TIME 2016 Election

Here’s What Happens If the Electoral College Ties

Alex Wong—Getty Images (L); Justin Sullivan—Getty Images Donald Trump in Virginia Beach, VA, on Sept. 6, 2016 (L); Hillary Clinton on her campaign plane en route to Iowa, on Sept. 5, 2016.

It's unlikely, but still possible

Correction appended, Sept. 8, 2016

President Hillary Clinton? President Donald Trump? The choice might not be so simple. There is still a path—albeit an implausible and narrow one—for an alternative.

If Clinton and Trump were to tie in the Electoral College and deadlock in the House of Representatives, the U.S. Senate would then choose between Vice Presidential nominees Tim Kaine and Mike Pence.

Here’s how this unlikely—but still possible—constitutional scenario would play out. Based on an 11-state battleground, 270 to Win calculated 32 possible ties, though not all are plausible. (It’s pretty unlikely that Clinton would win North Carolina while losing Virginia, for example.)

That figure goes up to 126 possibilities if you include the fact that Maine and Nebraska split their electoral votes by congressional district, unlike the rest of the states, and that each party could plausibly pick off one electoral vote in an otherwise reliably partisan state.

The number of mathematically possible ties varies depending on which states you consider to be tossups. Using RealClearPolitics’ list of 12 battleground states–including just one electoral vote from Maine—there are only 26 possible ties, according to TIME’s calculations. (It may seem strange that the number goes down with more battleground states, but such is the caprice of electoral math.)

The more likely scenario here is that a third-party candidate like Libertarian Gary Johnson or Never Trump Republican Evan McMullin wins a state like Utah and that, while Clinton and Trump don’t tie, they’re so close that neither win the majority of 270 electoral votes required, which would also throw the election to the House. According to TIME’s calculations, if Utah were to go to a third-party candidate, there are 141 cases where no candidate gets a majority, using the same set of 12 battleground states from RealClearPolitics.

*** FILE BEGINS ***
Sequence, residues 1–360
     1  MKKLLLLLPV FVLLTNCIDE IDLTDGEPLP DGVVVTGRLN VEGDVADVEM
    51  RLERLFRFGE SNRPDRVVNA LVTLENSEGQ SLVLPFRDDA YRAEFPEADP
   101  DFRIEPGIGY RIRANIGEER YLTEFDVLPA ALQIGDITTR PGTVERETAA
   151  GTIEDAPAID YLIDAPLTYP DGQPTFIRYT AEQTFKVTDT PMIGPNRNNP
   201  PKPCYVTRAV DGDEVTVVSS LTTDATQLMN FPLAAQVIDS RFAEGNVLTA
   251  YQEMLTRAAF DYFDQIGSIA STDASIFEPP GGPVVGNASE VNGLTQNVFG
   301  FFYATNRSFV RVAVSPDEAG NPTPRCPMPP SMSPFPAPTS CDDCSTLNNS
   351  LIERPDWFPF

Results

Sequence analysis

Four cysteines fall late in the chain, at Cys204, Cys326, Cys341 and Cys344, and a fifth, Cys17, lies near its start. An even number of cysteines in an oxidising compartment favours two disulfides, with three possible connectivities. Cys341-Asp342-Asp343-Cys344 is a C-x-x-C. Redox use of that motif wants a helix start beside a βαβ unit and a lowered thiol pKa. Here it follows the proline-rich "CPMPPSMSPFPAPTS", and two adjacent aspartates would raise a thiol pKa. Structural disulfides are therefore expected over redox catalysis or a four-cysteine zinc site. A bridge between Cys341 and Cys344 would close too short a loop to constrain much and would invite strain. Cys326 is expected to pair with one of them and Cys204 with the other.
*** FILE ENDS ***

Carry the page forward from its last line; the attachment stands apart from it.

Indeed, history tells us such unlikely situations have already happened. First in 1800 when the House chose Thomas Jefferson over his running mate Aaron Burr—back in the day the party put forth two choices for president (with four candidates overall) and designated their first and second choices. Jefferson, the Republican’s first choice, and Burr, the party’s second choice, both garnered 73 electoral votes (it should be noted that Jeffersonian Republicans were not the same party as the GOP today, which traces its roots to Abraham Lincoln). The House decided for Jefferson but the situation was so awkward that they quickly moved to hold a separate vote to pick the vice president—that vote eventually became the Senate’s responsibility.